The current added-value opportunity for search firms is to repeat this success in building gender-balance in the Executive Committees and senior leadership roles. With 50% of all available appointments needing to go to women to achieve the 33% target by the end of 2020, those firms showing the greatest appetite for innovation, those producing gender balanced short lists and actively supporting the appointment of capable women, are those firms most likely to achieve the greatest competitive advantage.

Julia Budd
Russell Reynolds Associates

“Despite the competitive nature of the sector, the Executive Search community has worked together, not only to establish a ‘code of conduct’ around gender diversity, but to ensure that words are put into action. This substantial shift in the proportion of women on boards is testament to this combined effort. Now we all recognise that there is more to be done on the executive pipeline.”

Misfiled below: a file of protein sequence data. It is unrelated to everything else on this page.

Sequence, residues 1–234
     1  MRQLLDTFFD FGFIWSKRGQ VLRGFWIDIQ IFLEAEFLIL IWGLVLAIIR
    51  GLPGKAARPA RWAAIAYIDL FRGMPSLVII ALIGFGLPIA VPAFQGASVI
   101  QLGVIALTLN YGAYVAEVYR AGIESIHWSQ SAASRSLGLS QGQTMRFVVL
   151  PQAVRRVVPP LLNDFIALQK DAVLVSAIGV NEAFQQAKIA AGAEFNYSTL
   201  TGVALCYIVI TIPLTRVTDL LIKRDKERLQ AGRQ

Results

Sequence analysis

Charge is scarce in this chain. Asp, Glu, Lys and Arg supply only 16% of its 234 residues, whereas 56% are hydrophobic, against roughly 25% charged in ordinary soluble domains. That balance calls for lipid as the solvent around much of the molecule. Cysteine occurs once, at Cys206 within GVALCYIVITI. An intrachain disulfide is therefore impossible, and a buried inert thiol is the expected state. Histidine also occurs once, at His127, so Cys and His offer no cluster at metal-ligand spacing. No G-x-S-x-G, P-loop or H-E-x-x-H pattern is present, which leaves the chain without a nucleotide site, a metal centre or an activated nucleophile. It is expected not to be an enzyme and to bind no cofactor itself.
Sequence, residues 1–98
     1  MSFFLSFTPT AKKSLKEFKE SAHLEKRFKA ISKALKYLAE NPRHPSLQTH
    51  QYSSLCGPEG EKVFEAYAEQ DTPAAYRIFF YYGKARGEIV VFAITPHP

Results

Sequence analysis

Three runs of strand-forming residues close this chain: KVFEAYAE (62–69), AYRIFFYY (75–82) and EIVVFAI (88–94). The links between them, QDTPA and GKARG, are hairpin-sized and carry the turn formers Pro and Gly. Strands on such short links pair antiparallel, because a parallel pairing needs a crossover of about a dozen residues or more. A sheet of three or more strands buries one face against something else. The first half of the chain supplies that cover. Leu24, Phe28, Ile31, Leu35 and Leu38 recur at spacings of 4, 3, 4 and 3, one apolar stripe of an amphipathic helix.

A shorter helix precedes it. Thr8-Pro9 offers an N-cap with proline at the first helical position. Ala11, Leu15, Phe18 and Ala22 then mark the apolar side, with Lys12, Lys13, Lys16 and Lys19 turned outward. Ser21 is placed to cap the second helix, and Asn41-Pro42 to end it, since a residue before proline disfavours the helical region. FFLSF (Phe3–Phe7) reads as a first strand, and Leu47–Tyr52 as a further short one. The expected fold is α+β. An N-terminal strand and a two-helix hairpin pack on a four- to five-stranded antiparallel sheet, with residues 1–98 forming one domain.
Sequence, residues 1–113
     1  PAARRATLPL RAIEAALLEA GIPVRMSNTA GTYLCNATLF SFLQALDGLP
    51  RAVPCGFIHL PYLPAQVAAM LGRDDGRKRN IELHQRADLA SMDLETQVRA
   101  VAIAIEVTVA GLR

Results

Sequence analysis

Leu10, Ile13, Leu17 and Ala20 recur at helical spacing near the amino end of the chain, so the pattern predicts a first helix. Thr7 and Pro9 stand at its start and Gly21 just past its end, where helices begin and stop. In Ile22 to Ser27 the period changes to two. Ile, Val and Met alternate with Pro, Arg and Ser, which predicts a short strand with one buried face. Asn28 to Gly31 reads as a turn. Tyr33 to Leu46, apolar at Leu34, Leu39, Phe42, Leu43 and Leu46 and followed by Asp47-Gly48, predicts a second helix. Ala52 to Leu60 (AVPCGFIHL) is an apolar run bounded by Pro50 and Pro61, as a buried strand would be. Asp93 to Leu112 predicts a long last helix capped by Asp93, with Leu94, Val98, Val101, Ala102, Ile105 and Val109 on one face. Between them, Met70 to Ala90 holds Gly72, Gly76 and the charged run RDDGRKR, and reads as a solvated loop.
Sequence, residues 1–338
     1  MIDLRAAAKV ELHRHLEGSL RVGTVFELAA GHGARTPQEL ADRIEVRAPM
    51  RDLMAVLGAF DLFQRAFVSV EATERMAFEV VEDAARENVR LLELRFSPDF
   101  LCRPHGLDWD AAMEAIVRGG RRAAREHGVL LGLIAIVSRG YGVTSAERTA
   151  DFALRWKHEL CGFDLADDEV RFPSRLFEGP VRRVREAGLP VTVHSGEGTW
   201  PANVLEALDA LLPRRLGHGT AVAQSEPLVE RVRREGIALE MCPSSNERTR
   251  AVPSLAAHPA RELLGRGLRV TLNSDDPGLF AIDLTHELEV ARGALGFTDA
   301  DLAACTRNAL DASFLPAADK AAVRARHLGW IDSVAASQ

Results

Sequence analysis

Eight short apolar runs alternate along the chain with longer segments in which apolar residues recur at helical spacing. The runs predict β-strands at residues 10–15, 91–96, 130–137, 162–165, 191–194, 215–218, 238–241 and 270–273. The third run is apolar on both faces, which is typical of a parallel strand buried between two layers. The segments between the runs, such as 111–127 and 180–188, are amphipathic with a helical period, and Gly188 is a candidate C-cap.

“Diversity is high up investors agenda and shows no sign of going away. Our commitment to invest in diverse and better run companies filters through in our engagement with management, our voting behaviour
and our investment decisions. We are convinced that companies who take this seriously and pro-actively secure a diverse pipeline of talent, will make better decisions now and in the future, to the benefit of our clients.”

Jessica Ground,
Global Head of Stewardship, Schroders Plc

Investors view diversity as a core and critical business issue that boards and leadership teams must address to secure their long-term success. They continue to look closely at companies’ approach to diversity and inclusion as a key ingredient of effective governance.